Competitive Intelligence

INNGUMA will be used in the European EFFRA projects

We are pleased to announce that we have just signed an MOU (Memorandum of Understanding) with EFFRA, the European Factories of the Future Research Association, to offer the use of INNGUMA for R&D projects under its umbrella in order to fully exploit the results of these projects. This agreement entails that free INNGUMA licenses are made available throughout projects funded by the European Commission under the Factories of the Future (FoF) programme.

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Competitive Intelligence: Anglo-Saxon model vs. Spanish model

Throughout the many years that we have been working in the field of Competitive Intelligence we have noticed the great differences that exist between the ways of doing CI in the Anglo-Saxon world (especially the United States) and Spain. Every time we attend an international congress or event – like SCIP – we realize the great differences (structural, organizational, operative) that exist between both worlds. In this article we will try to clarify what these differences are and why both options are valid.

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The importance of the Critical Surveillance Factors in a Competitive Intelligence System

The Critical Surveillance Factors -also called Key Surveillance Factors, hereinafter CSF- are each expression that represent a need for knowledge/intelligence within an organisation. They provide an answer to a question raised in the organisation on an external issue. The CSF can be related to each activity of the value chain of each department of an organisation. The results of monitoring these factors will influence in one way or another the competitiveness of the organisation.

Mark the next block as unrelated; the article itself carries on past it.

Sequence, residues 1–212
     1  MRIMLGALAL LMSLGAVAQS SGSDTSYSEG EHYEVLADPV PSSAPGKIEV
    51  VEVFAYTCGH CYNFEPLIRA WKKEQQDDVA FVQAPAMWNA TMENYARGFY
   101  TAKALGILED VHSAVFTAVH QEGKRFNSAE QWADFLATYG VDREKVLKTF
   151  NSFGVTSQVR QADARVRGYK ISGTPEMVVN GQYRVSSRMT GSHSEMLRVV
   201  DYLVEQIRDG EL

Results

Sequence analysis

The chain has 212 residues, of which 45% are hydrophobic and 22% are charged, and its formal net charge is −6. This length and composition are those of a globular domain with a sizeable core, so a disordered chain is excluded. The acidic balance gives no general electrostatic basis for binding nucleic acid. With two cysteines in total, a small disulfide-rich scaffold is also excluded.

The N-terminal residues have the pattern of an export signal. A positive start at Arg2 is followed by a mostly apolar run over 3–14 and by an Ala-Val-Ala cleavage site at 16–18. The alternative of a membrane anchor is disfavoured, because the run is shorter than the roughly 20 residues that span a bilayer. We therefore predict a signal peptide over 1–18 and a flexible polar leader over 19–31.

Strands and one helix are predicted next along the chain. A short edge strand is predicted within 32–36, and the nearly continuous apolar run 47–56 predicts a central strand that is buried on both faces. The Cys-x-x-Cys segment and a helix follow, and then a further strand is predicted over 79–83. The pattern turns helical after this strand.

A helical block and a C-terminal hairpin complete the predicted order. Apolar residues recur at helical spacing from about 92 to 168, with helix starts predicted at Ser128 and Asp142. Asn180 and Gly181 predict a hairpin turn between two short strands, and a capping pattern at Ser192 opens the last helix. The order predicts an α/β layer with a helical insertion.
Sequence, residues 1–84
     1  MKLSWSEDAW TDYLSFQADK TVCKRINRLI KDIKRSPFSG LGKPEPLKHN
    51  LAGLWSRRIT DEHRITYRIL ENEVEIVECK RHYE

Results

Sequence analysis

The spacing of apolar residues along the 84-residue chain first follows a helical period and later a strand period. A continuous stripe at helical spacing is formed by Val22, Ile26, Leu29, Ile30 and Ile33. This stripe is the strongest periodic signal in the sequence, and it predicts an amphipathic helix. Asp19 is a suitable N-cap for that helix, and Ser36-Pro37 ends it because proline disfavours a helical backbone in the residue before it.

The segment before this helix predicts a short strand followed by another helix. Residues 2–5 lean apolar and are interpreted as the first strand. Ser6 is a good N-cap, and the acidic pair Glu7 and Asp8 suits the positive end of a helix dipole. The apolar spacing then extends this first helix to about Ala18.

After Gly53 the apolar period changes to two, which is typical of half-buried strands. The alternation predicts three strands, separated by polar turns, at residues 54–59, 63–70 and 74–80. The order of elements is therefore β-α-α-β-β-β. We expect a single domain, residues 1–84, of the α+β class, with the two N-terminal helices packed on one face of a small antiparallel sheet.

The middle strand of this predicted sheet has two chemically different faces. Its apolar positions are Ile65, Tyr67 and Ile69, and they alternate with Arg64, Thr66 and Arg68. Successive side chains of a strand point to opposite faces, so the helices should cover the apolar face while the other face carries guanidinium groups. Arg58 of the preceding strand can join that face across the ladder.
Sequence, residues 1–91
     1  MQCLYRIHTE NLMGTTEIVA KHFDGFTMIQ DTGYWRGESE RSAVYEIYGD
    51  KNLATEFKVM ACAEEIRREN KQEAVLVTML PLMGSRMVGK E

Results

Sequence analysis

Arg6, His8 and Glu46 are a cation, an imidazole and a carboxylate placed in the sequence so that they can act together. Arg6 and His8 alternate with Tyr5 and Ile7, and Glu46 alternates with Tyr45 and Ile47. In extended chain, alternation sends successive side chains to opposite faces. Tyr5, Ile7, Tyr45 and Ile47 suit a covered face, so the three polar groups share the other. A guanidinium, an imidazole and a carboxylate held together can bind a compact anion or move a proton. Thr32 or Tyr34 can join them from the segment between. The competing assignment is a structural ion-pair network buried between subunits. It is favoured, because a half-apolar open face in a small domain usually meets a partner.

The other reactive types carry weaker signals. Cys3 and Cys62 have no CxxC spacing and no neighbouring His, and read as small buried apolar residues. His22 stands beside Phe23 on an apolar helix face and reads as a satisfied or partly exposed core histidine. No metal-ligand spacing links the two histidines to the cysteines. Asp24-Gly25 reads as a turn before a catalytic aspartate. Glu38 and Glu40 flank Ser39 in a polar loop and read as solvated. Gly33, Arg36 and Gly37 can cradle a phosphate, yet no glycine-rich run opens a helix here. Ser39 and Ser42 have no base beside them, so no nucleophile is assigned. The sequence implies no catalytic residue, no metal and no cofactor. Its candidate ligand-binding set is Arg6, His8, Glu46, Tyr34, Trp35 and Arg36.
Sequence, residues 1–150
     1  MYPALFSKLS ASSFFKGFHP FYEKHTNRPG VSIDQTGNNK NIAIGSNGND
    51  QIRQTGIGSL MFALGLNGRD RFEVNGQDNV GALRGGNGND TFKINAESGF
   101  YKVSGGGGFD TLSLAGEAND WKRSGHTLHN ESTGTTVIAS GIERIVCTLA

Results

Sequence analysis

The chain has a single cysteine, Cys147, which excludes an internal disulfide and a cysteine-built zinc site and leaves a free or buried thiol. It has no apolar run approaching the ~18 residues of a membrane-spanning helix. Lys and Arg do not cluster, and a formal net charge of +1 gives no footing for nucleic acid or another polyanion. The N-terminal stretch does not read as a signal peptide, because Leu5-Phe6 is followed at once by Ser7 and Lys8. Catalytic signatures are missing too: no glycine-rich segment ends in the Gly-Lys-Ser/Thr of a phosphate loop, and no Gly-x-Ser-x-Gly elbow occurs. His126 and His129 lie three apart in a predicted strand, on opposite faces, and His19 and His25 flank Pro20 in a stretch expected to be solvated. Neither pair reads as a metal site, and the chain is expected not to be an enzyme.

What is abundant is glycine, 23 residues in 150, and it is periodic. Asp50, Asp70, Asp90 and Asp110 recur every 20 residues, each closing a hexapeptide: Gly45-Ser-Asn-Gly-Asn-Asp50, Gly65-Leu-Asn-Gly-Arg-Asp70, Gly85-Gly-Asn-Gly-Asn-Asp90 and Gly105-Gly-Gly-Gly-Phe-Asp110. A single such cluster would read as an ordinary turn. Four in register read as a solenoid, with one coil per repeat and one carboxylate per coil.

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Competitive intelligence as input for strategic reflection

Last year, an entry in our blog gave our point of view on how to integrate Competitive Intelligence in an innovation process in an organisation. We often say that we prefer  Competitive Intelligence to be an activity focused on added value in innovation processes and, to this end, the CI model deployed in an organisation must be engaged with the established innovation model of the company. Innovation must be something that starts first thing in the morning, from the moment somebody unlocks the door until the last person that leaves the building. We like this because in this way Competitive Intelligence becomes a process that keeps you alert 24 hours a day, 365 days a year (our algorithms do not sleep and do not celebrate Christmas!). Thanks to this, local businesses are able to improve their current products and technologies or innovate and develop new concepts that enables them to make a leap in competitiveness.

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